Only employees over 18 could serve beer to customers. No exceptions. We had to be sure people were of age, of course. If they were buying by the pitcher we had to see everyone’s id that was goint to be sharing.
    You would not want to lose your license. I don’t remember having any problems with employees drinking. I had a very strick policy.
    Beer and wine were very profitable and brought in more people, especially on game days. Remember, El Segundo, was the home of the Raiders. I had the only commercial satallite in El Segundo for awhile so we could get all the games on Sundays and the place was packed. I forgot to mention we put in four big screen tvs, not like the big screens we have today, but pretty good size. The place was packed. Those were fun times.
    We used toc cater the Raider training facilities. Al Davis loved our KSS, (King Swiss). He would always order 2. That’s a pound of meat.
    Hope you all enjoyed this short story.

  • Phil Ankofski says:

    ~ Thursday ~ Good to the last drop …..

    For Chris ; I was hoping you would confirm my reason for the absence of dining room coffee stations in todays venues. ( high coffee prices. )
    OR , are there other reasons as well.

    Menu prices for coffee around here average $2.30 , which would be okay if the wait staff came around MORE OFTEN to offer warm ups.
    I ask the staff if the management has put the breaks on the amount of warm ups, and they all say ” oh, no ” ……. but I can tell it is all BS.

    Some locations, I have to stand up at my seat with coffee cup raised until I get a staff members attention. Mary Ann of course gets embarrassed most of the times, so here is the question; how do I get my fair share of warm ups ?

    Yes, I have used the phrase ” frequent warm ups equates to good tips “.

    Help ! ……….


  • Bob of the Village of Los Ranchos (NM) says:

    A) Sorry! while not denying Y’all, I just can’t envision…am playing the Age Card…. coffee pot/warmers on the condiment bar before June, ’63 in HollyWood Riv. On the other hand, was there an electric socket already built into the bar? Speaking of the bar, how many aluminum bowls were there and the contents thereof….Thousand Island, sliced pickles, ketchup, mustard(?)….X, Y, Z (Elsewise per D-i-Y Sundaes: the gooeyest of marshmallow, cherries, pineapple cubes, chocolate syrup, choppednuts, and ?????) especially circa ’63….with Newbies then thereafter.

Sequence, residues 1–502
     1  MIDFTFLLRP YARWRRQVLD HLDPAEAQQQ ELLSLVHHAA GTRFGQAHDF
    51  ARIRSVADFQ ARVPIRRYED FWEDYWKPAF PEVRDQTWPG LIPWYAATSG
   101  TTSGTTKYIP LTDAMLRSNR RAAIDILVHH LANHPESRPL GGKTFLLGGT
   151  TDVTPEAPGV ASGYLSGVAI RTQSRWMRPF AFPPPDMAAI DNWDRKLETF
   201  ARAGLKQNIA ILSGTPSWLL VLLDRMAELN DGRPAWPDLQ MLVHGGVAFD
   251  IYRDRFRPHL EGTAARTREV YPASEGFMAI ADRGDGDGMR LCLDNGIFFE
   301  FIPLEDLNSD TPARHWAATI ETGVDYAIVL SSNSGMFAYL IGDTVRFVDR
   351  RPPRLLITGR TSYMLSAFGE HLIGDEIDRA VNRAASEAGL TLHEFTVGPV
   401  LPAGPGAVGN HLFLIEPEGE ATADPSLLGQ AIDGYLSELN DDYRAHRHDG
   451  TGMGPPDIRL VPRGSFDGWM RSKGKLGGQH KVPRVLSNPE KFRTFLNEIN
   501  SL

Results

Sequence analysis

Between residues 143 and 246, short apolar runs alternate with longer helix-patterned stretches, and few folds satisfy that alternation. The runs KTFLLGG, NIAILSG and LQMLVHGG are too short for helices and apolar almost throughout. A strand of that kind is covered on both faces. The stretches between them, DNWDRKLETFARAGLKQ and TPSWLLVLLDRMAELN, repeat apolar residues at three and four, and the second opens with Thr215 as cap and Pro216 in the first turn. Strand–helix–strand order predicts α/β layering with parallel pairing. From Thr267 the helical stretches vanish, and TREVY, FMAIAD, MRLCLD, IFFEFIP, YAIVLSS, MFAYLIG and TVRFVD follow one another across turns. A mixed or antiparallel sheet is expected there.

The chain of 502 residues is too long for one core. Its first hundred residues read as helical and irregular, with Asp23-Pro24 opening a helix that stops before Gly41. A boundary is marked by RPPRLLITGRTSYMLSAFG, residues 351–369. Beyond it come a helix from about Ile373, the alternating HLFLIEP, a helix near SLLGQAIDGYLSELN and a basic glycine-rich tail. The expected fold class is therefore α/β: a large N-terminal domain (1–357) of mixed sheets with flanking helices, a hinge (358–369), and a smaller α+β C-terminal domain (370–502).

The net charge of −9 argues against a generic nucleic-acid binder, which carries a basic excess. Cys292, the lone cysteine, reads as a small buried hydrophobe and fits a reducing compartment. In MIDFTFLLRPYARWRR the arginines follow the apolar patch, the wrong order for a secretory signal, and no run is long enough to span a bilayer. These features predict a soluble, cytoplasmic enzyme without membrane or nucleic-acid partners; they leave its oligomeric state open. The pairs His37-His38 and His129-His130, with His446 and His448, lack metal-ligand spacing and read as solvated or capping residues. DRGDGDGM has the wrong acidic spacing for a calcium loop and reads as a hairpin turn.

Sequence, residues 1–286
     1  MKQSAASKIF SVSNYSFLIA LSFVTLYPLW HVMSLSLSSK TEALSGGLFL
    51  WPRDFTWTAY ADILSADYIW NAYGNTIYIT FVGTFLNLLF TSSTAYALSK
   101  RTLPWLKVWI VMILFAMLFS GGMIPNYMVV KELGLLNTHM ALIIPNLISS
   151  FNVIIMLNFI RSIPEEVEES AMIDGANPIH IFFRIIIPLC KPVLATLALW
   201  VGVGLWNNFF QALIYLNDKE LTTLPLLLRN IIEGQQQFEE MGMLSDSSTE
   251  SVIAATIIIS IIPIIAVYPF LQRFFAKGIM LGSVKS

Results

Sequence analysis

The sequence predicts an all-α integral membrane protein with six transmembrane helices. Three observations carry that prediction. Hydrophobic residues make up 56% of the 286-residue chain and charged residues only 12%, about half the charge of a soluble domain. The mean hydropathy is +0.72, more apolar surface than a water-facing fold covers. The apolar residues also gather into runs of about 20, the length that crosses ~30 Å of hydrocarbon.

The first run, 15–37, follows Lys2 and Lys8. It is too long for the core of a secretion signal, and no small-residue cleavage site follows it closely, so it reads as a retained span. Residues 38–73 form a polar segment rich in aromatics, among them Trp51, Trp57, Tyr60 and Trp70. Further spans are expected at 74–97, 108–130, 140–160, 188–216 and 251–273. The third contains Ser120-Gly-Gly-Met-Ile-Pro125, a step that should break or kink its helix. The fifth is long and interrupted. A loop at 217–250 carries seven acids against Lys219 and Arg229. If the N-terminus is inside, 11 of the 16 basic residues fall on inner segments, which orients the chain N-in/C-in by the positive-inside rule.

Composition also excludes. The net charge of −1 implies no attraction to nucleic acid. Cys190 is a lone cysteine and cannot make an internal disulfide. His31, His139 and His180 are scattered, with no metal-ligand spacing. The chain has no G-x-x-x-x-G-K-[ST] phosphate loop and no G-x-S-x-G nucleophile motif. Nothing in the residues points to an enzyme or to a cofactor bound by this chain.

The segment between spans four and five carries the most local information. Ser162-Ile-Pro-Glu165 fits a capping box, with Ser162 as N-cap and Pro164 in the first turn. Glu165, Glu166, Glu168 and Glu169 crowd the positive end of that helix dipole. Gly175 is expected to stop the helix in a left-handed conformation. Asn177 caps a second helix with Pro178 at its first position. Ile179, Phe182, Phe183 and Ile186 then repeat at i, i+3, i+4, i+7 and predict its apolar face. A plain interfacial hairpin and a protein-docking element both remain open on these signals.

A1) For years, Franchisers were very dictatorially strict in terms of not being able to deviate from their shtick. T’was funny to see them having to become “competitive” in New Mexico when they had to yield to Local Flavor and thus had to go head to head with Mom n Pop places offering Green Chile Cheeseburgers http://tinyurl.com/zntmnws. Here’s what Carl Jr.’s finally succumbed to offering several years ago: http://tinyurl.com/z7ape7u OMG! did they buy Woody’s bowls? Elsewise, many finally opted for the SouthWest style of exterior architecture akin to an adobe building as well as art works in the interior….Too Funny!
    B) Besides the LA Times, Wall St. Journal, and the Daily Breeze in HollyWood Riv was there anything else on the Papers-on-a-stick rack on the wall near the restrooms/entrance to the prep/dishwasher room”/? Were there Papers-on-a-stick at CC? If so, what was there instead of The Daily Breeze? Where were they hung?
    C) Sorry to badger, but Hmmmm….. no one seem to want…dare?… to comment on the change in Woody’s Stout v Slender “figure” http://tinyurl.com/jsrdlet e.g. cup/napkin v matchbook cover? Is there a PC issue I’m being insensitive to? LOL
    D) Did we do anything for St. Paddy’s Day? Give out green tinted carnations to Chica’s? Tint the lemonade green? Alas, I would have said “Slainte” had I known the term back then!
    E) Yo! Ya forgot this one!!!! DWSMSPHCIBBMCAYDTL! Drooling While Slowly Making Salad Per Hot Chica In Bikini Before Me Coming At Ya Down The Line! As another example of Mr. W’s brilliance, he didn’t initiate a dress code back then!

  • Chris Pingel says: